Looking after your mental health during COVID-19

Looking after your mental health during COVID-19

There’s no doubt that we’re living through some extremely challenging and unusual times at the moment, so it is not surprising that some of us are finding it hard to cope or comprehend the enormity of our situation.  Whether it be the fear of contracting COVID-19 itself, or the uncertainty around the economic fallout and prolonged lockdown conditions, we are all living in a period of heightened stress, where a lot of things are out of our control.

Being aware of your mental health needs is vital during this time.  We urge anyone who is experiencing mental health concerns to reach out and ask for help. Our details and a list of useful resources are listed at the end of this post.

If you haven’t previously suffered from any mental health issues, you might not be sure of the symptoms to look out for.  Symptoms vary from person to person (and talking to a professional about your own personal situation is vital).  We’ve summarised a list from the Australian Government’s Healthdirect website (you can read details and find links to further information here​).

Symptoms to look out for in yourself and others:

  • Feeling anxious and worried
  • Feeling depressed or unhappy
  • Emotional outbursts and changes in mood
  • Sleep problems and insomnia
  • Weight or appetite changes
  • Becoming quiet or withdrawn
  • Substance abuse
  • Feelings of guilt or worthlessness
  • Changes in behaviour or feelings.

Any of these above may be a sign that you need some mental health support, and we encourage you to reach out and ask for help from a professional.  In addition, below are just a few tips you can incorporate into your lockdown lifestyle to assist with positive mental health.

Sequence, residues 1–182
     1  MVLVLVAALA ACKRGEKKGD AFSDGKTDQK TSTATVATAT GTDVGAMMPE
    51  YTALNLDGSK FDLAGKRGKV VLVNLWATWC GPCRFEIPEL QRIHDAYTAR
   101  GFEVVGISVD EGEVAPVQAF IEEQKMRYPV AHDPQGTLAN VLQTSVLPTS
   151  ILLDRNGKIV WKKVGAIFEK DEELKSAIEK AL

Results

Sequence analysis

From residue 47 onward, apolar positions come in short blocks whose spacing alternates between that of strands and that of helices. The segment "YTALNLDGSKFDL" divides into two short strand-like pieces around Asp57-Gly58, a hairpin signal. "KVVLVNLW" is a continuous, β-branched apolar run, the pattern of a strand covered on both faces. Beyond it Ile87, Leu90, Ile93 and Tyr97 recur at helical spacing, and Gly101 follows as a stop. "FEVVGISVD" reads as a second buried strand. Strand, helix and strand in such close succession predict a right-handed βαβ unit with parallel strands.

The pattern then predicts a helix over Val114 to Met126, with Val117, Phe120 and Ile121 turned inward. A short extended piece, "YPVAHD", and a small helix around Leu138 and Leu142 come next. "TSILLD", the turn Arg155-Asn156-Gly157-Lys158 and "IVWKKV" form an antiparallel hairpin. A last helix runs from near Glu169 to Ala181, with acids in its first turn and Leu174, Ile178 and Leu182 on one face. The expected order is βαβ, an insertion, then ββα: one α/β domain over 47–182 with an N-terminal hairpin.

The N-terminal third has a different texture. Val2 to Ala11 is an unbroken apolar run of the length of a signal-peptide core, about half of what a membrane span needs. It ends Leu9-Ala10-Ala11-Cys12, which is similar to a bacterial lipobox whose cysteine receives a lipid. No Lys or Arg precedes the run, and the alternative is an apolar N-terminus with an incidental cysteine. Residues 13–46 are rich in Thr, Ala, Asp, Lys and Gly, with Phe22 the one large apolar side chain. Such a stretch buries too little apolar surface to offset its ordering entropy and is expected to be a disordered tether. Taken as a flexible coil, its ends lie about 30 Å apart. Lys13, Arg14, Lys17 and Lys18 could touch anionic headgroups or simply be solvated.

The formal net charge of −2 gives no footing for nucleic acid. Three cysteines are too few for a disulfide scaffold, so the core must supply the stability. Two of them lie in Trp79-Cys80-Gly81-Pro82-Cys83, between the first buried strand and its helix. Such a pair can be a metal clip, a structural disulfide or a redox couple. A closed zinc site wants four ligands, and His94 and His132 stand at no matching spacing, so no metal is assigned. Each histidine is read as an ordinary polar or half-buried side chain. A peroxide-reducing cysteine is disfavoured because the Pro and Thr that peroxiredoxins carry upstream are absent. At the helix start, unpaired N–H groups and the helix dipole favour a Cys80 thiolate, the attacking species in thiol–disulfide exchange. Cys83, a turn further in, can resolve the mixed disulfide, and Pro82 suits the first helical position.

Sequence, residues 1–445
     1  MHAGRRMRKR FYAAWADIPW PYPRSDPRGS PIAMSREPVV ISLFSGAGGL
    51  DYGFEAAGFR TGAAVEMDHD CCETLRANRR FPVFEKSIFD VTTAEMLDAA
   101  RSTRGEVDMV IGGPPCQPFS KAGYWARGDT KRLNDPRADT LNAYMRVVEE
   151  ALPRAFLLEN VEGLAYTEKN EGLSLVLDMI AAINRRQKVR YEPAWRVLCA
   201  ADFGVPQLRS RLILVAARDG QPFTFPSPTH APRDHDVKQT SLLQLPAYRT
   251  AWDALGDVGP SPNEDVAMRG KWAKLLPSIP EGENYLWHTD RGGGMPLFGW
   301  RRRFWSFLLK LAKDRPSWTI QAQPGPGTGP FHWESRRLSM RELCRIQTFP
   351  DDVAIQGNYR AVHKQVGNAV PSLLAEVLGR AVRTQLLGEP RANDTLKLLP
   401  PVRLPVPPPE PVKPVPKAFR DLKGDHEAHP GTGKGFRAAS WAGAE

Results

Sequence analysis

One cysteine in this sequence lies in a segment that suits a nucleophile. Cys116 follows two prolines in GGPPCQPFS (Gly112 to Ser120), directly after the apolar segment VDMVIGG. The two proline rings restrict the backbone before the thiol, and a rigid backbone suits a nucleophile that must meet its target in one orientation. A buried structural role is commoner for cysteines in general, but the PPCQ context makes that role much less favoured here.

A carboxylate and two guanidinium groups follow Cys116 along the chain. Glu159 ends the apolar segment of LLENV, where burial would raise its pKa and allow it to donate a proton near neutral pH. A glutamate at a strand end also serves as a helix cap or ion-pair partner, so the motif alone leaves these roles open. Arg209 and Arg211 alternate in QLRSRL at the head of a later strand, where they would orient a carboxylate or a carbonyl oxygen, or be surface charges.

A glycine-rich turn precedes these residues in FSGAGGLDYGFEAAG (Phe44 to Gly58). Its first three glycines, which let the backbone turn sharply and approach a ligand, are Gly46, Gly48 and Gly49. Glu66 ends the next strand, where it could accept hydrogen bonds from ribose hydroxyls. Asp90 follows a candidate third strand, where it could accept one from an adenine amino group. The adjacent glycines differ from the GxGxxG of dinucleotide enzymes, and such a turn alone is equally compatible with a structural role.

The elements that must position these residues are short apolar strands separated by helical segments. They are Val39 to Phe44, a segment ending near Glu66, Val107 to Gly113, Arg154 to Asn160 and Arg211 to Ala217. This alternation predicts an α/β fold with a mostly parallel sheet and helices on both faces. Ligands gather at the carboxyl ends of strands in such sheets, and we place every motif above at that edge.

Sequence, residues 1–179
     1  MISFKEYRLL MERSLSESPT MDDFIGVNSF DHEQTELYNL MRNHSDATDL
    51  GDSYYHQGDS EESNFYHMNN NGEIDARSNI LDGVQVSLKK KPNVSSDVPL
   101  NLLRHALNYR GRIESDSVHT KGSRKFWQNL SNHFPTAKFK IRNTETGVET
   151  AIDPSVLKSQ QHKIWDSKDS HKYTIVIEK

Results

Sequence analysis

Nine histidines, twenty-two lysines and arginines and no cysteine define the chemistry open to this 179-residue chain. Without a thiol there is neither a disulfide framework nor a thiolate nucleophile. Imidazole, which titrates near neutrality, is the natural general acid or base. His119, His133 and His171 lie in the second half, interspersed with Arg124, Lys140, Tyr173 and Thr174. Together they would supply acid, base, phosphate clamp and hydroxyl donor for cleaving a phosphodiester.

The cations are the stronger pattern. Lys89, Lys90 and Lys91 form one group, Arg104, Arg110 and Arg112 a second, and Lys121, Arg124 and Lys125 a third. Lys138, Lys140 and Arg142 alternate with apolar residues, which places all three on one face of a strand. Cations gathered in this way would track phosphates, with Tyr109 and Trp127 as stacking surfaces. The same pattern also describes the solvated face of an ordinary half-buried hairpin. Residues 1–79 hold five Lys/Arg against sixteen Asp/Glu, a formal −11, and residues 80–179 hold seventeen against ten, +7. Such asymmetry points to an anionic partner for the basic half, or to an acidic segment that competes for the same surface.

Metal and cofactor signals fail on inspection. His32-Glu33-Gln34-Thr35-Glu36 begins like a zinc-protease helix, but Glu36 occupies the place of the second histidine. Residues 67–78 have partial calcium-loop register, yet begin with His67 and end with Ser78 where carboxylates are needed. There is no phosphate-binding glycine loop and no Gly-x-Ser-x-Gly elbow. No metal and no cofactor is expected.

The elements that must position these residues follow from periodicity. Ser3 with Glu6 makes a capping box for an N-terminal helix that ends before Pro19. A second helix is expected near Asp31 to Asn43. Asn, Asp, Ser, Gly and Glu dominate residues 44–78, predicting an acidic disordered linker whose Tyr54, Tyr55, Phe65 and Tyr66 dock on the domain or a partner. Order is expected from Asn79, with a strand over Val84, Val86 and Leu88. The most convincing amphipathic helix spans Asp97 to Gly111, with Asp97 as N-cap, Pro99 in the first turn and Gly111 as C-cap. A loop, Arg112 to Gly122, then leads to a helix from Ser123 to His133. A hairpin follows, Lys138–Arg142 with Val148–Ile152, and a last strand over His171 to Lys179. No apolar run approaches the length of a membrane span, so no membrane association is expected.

Manage Exposure to News

Manage your exposure to the news media

In the initial stages of the coronavirus spread in Australia, the situation was changing almost hourly, and it was important to keep abreast of the news and updates.  Now, a few weeks in, the news cycle has slowed somewhat, so there is less need to be constantly monitoring news sites for updates. 

Constant exposure to bad or stressful news events takes its toll after a while, so we suggest you limit your media intake to once or twice a day.  That includes news from other sources too (such as friends and family).  Set a time limit for scrolling through social media or reading news articles, then put it aside to focus on your own direct needs for the day. 

Choose uplifting options where possible – rather than “switching off” by watching a disaster movie, choose a comedy instead.  Play some music or watch some funny YouTube clips (who knew all those videos of cats would come in so handy?).

Eat Well

Eat well

It’s tempting to fall into a pattern of endless grazing when you are at home with little to do all day.  Especially straight after Easter when we all still have a little stash of chocolate! But take the time instead to focus on eating good, nourishing food.  If you enjoy cooking, it is an opportunity to flick through your cookbook collection to make something different. 

Try and limit your eating to meal times, and stay away from the snacks the rest of the day.  Also be aware of your alcohol consumption.  If it has crept up during the lockdown, set some limits to rein it back in again. You can read further about the Australian Government’s guidelines around alcohol consumption here.  

If the whole family is at home, take the opportunity to eat together as a family and talk about your day – a great chance to daily check in on the mental health of your family members as well.

Get Sleep and Exercise

Get sleep and exercise

Sleep and exercise is vital for good mental health at the best of times, but even more so during stressful times such as this.  Seek help if you are concerned about your lack of sleep but in the meantime try some of these tactics:

  • Stay off the devices near bedtime. Turn off devices so you can wind down, and keep them off overnight so you aren’t disturbed by notifications.
  • Use the bedroom for sleep. If you are working from home at the moment resist the temptation to check work emails from bed, or sit in bed tapping away on the laptop.